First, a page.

Strike Commander Morrison – Overwatch, photo by Photosnxs
Seraph Cosplay caught my eye with her incredible work on a replica of Tyr’s sword from Smite. I asked about her incorporating electronics into the costumes she makes, her costume history, and what skills she still wants to learn.
Adafruit: How long have you been crafting costumes, and what inspired you to start?
Seraph Cosplay: I have been creating costumes since 2009, and with each costume have added more and more pieces that I create from scratch. I have reached a point where I make everything except the wig (which I style) the underwear and the base shoes. I discovered cosplay through my interest in J-Rock music. I come from a traditional art background of painting and drawing and when looking for references of these musicians to draw I would run across kids cosplaying the musicians’ recognizable outfits from PV’s. From there I discovered more and more about the world of cosplay and just how involved it could be. My first convention experience was Dragon*con 2007 and ever since then I’ve held a fascination with trying to recreate these characters in real life.
Malthael and Crusader – Diablo III – photo by Photosnxs
Adafruit: I see several of your costumes feature armor. Which material have you found is the best for armor and how do you finish/paint it?
Seraph Cosplay: For the armor that I make, I have learned the hard way what works and what doesn’t, haha! For my very first set of armor, I made a Diablo III Demon Hunter and it was mostly 2mm craft foam with some pieces made from thicker EVA. The pieces broke almost immediately after getting out of the car to go to a con, I was heartbroken and frustrated. But choosing to learn from my mistakes, I researched more successful materials and methods and began working more with the EVA floor mats. I had greater success with each new costume. A few years later Worbla was introduced into the cosplay community. I used that for a few pieces and eventually made the entire set of Malthael armor from Worbla and craft foam. Partly due to the expense and weight of Worbla I have continued to use more foam in my creation of armor; I try to use Worbla sparingly at this time, but love how it can be the perfect, simple solution to some challenging problems!
Tyr – Smite – photo by Leo Photography
Adafruit: The lighting on your Tyr sword is awesome. What inspired you to incorporate electronics into it and did the experience make you want to do more work with electronics in future costumes?
Seraph Cosplay: Thank you so much! Tyr’s sword was one of my largest props and definitely my most involved prop to date. In the game and artwork it seemed to me like the pieces on his armor and his sword were glowing, and lights often add that pop of interest to a costume that really makes it come to life. Whenever I can use pre-wired battery pack LEDs, I do! They’re very affordable and so easy to put into a costume. I use these battery pack kits and LED tea lights mostly, they have come in handy so many times. A few things have been hard-wired from scratch with the help of my dad, but I have a lot to learn in that arena and look forward to becoming more comfortable with the wiring and electronics process.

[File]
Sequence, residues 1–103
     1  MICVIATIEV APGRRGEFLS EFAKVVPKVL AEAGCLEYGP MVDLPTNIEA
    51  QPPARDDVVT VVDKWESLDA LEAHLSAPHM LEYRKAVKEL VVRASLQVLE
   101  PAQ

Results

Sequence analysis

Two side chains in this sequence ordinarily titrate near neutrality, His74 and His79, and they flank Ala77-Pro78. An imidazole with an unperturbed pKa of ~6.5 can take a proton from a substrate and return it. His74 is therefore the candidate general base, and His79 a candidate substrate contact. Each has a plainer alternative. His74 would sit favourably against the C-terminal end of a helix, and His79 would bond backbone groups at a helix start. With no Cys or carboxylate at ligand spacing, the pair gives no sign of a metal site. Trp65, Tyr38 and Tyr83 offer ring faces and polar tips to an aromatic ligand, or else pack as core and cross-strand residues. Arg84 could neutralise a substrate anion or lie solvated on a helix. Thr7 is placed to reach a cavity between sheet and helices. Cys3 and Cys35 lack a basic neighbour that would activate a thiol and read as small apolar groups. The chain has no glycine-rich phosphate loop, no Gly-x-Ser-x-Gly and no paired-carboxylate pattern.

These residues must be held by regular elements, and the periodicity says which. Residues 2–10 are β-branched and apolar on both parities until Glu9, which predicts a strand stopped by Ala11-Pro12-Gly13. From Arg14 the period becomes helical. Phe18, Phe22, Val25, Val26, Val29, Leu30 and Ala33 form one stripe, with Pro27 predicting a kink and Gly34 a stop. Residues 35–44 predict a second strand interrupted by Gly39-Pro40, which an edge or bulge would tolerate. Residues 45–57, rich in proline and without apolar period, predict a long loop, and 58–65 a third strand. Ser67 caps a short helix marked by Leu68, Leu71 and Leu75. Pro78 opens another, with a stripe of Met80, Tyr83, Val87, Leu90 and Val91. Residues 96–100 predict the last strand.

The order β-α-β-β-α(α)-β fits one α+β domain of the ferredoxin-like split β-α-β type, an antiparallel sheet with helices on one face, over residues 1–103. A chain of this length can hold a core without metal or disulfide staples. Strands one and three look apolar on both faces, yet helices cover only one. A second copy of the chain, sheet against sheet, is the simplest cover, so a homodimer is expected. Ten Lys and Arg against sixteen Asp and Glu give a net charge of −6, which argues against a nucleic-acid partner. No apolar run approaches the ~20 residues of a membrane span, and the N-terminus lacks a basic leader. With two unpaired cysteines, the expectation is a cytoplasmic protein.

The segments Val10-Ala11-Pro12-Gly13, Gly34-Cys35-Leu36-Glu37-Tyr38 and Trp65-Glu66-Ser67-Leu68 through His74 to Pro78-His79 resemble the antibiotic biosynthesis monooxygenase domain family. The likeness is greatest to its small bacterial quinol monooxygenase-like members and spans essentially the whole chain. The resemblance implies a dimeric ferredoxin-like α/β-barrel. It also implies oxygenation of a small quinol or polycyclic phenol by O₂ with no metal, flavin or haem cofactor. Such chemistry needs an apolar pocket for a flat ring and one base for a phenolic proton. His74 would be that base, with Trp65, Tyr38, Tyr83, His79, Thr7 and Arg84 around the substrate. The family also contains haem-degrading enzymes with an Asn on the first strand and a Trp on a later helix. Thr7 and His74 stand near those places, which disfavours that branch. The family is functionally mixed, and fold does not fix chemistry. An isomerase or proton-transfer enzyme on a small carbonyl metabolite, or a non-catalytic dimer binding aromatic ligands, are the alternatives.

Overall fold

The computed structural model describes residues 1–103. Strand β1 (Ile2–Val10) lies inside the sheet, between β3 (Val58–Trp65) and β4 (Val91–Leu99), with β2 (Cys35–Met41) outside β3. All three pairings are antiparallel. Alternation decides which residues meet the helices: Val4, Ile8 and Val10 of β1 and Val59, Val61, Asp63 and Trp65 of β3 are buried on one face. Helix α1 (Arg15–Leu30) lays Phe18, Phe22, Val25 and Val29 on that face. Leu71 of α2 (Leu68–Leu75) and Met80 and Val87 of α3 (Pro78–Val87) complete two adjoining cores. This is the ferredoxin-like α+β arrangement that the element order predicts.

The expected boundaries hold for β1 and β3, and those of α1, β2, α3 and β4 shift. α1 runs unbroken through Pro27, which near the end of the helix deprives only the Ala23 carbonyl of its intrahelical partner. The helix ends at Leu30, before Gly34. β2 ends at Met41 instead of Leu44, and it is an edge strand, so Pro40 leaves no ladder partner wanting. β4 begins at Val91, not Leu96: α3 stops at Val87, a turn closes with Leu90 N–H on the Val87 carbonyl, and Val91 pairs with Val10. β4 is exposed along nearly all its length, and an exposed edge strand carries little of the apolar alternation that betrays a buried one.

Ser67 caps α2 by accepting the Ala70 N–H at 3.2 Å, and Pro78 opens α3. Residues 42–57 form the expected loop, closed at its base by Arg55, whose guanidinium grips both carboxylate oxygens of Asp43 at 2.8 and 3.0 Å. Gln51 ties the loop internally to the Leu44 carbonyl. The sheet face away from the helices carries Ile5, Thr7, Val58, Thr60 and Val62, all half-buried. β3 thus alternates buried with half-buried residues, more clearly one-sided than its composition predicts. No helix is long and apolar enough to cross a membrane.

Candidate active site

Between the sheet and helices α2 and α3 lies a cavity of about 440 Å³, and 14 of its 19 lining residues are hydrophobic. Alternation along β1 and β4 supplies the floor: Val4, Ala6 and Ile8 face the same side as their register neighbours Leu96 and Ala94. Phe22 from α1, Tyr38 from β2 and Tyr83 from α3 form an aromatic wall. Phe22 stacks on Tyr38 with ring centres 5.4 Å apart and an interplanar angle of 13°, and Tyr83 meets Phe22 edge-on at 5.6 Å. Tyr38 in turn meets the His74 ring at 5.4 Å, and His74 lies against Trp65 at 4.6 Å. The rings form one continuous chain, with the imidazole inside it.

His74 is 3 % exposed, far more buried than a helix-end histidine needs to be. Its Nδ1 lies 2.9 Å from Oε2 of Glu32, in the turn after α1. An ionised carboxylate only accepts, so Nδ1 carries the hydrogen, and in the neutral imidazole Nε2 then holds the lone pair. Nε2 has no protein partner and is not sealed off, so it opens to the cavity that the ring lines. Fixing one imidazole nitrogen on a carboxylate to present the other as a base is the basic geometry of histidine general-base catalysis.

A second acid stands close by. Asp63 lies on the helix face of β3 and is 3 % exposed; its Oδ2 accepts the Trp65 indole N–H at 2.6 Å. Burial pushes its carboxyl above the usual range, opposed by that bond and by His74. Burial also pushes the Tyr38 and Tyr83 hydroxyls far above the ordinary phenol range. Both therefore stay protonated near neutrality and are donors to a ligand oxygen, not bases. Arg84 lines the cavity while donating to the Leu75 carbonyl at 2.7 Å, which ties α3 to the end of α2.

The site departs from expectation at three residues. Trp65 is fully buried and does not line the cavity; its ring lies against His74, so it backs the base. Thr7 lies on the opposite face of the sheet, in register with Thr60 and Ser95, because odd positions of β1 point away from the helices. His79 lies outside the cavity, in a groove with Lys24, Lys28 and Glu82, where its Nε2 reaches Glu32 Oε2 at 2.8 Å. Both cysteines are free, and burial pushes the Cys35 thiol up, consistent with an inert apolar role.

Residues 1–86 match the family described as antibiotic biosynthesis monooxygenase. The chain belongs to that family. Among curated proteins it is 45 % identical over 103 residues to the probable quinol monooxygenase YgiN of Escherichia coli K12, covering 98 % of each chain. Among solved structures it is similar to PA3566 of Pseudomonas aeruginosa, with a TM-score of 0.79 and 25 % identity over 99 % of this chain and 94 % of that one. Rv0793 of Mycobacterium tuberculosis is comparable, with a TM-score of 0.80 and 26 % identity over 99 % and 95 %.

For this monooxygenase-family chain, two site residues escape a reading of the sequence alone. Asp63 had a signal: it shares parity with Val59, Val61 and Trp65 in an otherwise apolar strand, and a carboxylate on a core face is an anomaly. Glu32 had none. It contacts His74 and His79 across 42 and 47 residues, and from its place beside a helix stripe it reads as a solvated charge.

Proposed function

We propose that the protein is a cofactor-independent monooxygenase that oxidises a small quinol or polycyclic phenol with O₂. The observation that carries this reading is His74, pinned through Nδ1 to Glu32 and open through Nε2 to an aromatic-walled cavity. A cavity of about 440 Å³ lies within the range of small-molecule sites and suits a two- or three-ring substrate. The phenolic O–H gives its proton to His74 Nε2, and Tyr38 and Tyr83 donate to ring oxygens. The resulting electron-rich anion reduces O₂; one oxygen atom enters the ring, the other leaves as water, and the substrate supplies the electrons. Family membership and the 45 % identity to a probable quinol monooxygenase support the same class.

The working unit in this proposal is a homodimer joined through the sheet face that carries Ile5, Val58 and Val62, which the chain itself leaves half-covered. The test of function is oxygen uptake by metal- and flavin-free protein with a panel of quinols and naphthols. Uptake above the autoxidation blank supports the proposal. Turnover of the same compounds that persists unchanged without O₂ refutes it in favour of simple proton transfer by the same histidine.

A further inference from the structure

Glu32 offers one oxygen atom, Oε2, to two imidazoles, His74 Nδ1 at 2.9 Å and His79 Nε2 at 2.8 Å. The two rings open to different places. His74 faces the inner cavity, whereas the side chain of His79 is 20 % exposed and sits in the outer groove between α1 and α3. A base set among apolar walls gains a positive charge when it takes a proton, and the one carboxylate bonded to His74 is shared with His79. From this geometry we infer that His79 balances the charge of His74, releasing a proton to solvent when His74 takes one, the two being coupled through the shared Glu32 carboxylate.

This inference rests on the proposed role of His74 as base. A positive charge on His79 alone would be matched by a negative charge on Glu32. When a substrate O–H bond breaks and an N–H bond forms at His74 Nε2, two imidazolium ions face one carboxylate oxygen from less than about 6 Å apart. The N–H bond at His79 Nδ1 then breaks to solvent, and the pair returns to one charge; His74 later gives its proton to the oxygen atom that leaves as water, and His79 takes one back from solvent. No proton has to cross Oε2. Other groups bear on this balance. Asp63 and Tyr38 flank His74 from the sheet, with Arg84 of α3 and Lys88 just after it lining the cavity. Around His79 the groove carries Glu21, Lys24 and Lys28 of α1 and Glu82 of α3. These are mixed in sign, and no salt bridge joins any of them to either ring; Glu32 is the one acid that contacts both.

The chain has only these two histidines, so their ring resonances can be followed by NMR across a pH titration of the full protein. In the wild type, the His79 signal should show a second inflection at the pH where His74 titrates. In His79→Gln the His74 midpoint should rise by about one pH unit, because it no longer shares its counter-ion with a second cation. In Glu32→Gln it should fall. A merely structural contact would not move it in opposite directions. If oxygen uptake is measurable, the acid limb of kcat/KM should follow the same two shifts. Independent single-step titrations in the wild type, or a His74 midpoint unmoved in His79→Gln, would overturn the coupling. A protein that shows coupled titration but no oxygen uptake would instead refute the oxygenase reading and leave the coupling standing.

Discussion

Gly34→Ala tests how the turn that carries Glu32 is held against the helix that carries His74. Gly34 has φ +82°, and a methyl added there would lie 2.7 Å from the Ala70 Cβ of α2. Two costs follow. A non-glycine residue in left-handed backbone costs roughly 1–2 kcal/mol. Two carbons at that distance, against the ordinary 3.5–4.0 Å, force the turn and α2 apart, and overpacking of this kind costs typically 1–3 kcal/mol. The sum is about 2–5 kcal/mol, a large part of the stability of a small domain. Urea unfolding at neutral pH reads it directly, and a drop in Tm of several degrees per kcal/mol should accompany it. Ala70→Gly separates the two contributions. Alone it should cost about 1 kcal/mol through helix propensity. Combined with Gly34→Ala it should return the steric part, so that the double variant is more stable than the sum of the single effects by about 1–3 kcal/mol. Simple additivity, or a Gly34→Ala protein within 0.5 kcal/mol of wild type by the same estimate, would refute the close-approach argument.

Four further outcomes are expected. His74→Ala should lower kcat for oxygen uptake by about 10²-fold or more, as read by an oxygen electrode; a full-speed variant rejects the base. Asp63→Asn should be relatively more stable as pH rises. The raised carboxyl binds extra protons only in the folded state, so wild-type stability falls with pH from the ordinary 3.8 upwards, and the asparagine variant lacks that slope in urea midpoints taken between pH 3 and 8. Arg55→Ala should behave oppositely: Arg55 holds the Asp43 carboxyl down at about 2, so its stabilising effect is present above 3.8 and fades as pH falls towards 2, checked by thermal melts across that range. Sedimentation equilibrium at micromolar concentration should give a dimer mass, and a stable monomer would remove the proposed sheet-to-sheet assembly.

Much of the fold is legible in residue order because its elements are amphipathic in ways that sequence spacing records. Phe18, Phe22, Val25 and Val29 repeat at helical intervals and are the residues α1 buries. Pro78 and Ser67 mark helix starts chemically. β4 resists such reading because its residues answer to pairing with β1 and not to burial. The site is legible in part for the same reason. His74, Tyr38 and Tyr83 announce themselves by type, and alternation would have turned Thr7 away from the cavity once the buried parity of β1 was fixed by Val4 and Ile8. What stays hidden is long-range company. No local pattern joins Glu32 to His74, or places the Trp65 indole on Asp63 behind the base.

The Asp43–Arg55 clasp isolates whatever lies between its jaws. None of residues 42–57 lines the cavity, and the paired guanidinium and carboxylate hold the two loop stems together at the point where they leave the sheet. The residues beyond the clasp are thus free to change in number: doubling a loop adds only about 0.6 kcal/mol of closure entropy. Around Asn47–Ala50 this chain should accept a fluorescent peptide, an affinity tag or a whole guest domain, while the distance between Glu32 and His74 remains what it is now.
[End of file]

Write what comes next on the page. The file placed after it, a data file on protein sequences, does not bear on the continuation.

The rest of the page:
Tiny Tina – Borderlands – photo by Photosnxs
Adafruit: On average, how much time do you spend planning and making your costumes? Have you learned anything along the way to make certain processes go faster?
Seraph Cosplay: Typically I spend a minimum of 150 hours on a costume over the course of a month or two, some costumes in the past have taken upwards of 600 hours to complete over months. I spend A LOT of time researching, gathering reference photos and planning out a costume before starting, I find that drawing out armor pieces in Photoshop or Illustrator helps me to understand the costume in a more three-dimensional way. I recently adopted the technique of making a 1:1 size line-art outline of the character to help me with sizing issues that I’ve had in the past. I noticed that my proportions would be off and I would have to spend extra time correcting it. By printing out a life-size outline I can tape it on my wall and hold pieces up to it as I work to be sure that it will look proportional to the model (either my husband or myself).
Blade Master – Blade & Soul – photo by Photosnxs
Adafruit: What’s one skill you long to learn in order to use for building costumes?
Seraph Cosplay: I would really love to spend time focusing on the process of mold-making and casting. I really enjoy sculpting but am so intimidated by the idea and expense of molding and casting right now, I have so many pieces where this would have come in handy in the past! I have only worked on a small scale and my dad helped me with my first larger pieces (Tracer’s pistols) but our materials were wanting and time was not in our favor. I see so many people making clean props using this method and am very interested in learning, I’ll just have to give it a shot!